‘Maleficent:' Angelina Jolie’s back – with a vengeance - Baltimore Post-ExaminerBaltimore Post-Examiner

‘Maleficent:’ Angelina Jolie’s back – with a vengeance

3 out of 4 stars

Drugs, the severing of body parts, romance, ultimate betrayal and the willingness to put a baby to sleep so she never wakes up: Welcome to a new chapter of Disney.

The company whose iconic, larger-than-life characters have brought nothing but love and happiness for generations has revealed its darker side with Maleficent, the tale of the fairy who made Sleeping Beauty go night-night.

We know Disney has some evil in it, as you can’t have a conflict without a sinister villain. Snow White has Queen Grimhilde, Cinderella has Lady Tremaine, Mulan has Shan Yu, Ariel has Ursula The Sea Witch and Pocahontas has Governor Ratcliffe.

Angelina Jolie gives one of the best performances of her career in "Maleficent." (Courtesy of Disney)

Angelina Jolie gives one of the best performances of her career in “Maleficent.” (Courtesy of Disney)

And Sleeping Beauty – whose real name is Aurora, did you know that? – has the meanest, baddest adversary of them all: Maleficent (Angelina Jolie).

Maleficent, who grew up a fun-loving fairy with her furry little friends in the woods, becomes evil when Stefan, the man she loved, drugs her and severs her wings so he can become king. Now, she’s hell-bent on making him pay — by making his newborn daughter suffer.

Jolie delivers one of the best performances of her career in a classic tale that debuted in 1959, but received a desperately needed wake-up call to the 21st century.

Quickly: How many great movies has Brad Pitt’s babe been in lately? She hasn’t won a major award since earning the Oscar for best supporting actress for her role in Girl, Interrupted in 2000.

She’s smoking hot, but she hasn’t been in anything really worth seeing – aside from all of her bikini and lingerie pictures on the Internet – since Changeling in 2009.

But Jolie’s perfectly cast in Maleficent, as her stunning beauty overcomes her awkward horns, while her stern, yet feminine tone make you believe that she’s really out to get Aurora.

For once, a princess is overshadowed by the villain in a Disney movie. (Courtesy of Disney)

For once, a princess is overshadowed by the villain in a Disney movie. (Courtesy of Disney)

Director Robert Stromberg has gone all-in with Jolie in what’s essentially a gamble, as Disney spent $175 million on this film, hoping to do what the broadway hit Wicked did for the Wicked Witch of the West.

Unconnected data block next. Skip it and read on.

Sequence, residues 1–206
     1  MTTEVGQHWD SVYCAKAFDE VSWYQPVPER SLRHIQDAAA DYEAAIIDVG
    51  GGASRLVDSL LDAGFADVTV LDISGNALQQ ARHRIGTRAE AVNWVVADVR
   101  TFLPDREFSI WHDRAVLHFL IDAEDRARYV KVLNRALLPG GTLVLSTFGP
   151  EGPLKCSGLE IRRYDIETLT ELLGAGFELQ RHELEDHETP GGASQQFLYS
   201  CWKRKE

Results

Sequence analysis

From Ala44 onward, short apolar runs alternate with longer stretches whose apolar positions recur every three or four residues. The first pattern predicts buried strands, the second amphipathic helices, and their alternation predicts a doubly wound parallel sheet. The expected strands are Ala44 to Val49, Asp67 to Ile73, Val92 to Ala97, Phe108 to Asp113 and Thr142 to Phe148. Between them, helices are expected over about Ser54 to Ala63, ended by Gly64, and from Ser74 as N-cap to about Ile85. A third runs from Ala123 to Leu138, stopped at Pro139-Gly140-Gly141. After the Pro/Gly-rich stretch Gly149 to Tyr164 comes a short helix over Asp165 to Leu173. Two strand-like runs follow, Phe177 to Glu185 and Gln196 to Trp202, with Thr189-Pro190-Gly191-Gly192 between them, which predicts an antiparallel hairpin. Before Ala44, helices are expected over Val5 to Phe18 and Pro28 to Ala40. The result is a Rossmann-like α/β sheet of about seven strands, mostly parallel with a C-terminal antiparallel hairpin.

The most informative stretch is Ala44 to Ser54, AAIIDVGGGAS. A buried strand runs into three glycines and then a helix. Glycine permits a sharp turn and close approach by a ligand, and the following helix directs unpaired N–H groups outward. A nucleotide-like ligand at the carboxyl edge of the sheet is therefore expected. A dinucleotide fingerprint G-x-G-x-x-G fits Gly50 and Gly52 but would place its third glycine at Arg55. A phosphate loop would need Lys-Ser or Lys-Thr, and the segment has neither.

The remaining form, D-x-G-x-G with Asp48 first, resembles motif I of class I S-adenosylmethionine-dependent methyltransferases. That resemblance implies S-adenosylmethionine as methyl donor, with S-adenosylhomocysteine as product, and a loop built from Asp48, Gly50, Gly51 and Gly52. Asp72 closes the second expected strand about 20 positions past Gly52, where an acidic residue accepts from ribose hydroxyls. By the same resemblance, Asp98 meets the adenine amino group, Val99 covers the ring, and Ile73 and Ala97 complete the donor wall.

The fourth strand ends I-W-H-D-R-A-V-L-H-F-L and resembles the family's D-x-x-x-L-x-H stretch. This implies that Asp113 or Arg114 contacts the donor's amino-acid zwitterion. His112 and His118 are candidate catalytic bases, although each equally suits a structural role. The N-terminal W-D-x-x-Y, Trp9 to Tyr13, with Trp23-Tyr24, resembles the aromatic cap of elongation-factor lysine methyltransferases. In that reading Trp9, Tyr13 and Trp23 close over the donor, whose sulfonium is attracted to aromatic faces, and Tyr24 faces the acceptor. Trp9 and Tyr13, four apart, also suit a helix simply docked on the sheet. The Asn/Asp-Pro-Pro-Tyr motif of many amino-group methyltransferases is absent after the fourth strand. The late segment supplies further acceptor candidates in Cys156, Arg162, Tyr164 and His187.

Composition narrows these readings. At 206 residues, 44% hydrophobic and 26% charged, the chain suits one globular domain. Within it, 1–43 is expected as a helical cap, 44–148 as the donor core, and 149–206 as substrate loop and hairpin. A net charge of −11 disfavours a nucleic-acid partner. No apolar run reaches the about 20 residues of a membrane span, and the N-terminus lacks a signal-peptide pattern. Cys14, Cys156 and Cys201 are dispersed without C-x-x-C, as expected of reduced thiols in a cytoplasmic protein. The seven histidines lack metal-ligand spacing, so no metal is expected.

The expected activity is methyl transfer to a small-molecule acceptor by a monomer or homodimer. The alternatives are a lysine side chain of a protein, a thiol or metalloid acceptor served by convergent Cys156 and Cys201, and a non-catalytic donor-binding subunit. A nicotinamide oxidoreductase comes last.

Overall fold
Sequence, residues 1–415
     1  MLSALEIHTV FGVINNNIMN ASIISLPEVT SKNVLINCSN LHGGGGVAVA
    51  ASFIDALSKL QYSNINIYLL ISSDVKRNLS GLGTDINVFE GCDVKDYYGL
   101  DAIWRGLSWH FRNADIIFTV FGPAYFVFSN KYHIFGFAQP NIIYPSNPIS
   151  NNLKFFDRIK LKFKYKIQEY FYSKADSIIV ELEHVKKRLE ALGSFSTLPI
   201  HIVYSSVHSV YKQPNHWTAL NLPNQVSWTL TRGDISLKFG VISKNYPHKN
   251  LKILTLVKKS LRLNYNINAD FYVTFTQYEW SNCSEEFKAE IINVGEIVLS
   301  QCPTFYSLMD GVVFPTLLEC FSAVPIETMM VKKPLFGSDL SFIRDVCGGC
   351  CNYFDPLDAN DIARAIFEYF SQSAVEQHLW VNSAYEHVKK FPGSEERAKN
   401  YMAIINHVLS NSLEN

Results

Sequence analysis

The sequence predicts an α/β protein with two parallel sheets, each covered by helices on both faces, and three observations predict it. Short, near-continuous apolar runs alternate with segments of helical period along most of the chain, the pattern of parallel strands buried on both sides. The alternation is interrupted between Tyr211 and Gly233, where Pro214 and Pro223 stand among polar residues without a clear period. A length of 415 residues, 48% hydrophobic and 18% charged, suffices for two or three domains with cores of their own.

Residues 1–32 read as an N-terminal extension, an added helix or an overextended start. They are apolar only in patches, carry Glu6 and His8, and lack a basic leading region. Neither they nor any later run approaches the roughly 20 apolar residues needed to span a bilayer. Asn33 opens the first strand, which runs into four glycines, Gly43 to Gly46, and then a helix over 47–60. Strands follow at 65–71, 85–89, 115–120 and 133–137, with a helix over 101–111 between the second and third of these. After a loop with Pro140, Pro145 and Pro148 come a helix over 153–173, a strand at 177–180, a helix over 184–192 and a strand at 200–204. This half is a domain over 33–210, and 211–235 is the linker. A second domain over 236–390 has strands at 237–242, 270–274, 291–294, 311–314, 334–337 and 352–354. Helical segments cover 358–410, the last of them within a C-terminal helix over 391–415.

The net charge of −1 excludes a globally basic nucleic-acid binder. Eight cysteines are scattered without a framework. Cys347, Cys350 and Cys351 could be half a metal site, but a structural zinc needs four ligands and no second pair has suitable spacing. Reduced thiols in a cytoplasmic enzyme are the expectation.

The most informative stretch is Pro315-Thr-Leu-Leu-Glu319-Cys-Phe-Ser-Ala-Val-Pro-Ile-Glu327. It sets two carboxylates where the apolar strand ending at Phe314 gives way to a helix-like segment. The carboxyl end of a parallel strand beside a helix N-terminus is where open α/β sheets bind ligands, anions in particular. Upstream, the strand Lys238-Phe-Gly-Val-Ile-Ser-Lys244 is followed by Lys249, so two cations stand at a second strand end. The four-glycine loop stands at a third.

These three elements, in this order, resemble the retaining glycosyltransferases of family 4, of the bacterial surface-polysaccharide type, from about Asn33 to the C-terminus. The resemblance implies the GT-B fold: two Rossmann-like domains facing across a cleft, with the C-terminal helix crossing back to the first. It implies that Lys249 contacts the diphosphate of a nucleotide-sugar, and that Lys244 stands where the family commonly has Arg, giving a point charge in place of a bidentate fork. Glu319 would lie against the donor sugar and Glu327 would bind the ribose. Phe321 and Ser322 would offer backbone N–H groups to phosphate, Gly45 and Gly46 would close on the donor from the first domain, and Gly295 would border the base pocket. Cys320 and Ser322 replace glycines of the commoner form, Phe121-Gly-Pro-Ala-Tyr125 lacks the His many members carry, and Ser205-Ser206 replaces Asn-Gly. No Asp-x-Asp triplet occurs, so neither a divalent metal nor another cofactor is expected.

Will it happen? It could, because Maleficent, which opens with a storybook-themed voiceover narration, is a Disney movie in name only. There’s a tremendous amount of violence for a Disney film, which in the world of box office dollars, is bad because it could scare parents from taking their children. But it’s good because its PG rating makes it attractive to teenagers and adults.

There’s no shortage of plots.

It’s the world of humans, ruled by King Stefan, against the outlying moors, which is home Maleficent, fairies, trolls, all sorts of cuddly creatures and the protective wickermen, who are essentially trees that turn into bad-ass soldiers.

It’s Maleficent against Stefan, which symbolizes the battle between loyalty and love versus betrayal and power that stems from the loss of childhood innocence.

Maleficent, when seen in 3D, takes you on a journey. You feel you are flying alongside Jolie as she whisks through the woods and you certainly feel for her when her boyfriend drugs her and takes her magical wings. You want her to get revenge, yet at the same time, you loathe her for punishing a child for the sins of her father.

Aside from phenomenal work from makeup artist Rick Baker, the rest of the cast simply supports Jolie with good – but not great – performances, making her a one-woman show.

But it’s definitely a show worth watching.





About the author

Jon Gallo

Jon Gallo is an award-winning journalist and editor with 19 years of experience, including stints as a staff writer at The Washington Post and sports editor at The Baltimore Examiner. He also believes the government should declare federal holidays in honor of the following: the Round of 64 of the NCAA men's basketball tournament; the Friday of the Sweet 16; the Monday after the Super Bowl; and of course, the day after the release of the latest Madden NFL video game. Contact the author.
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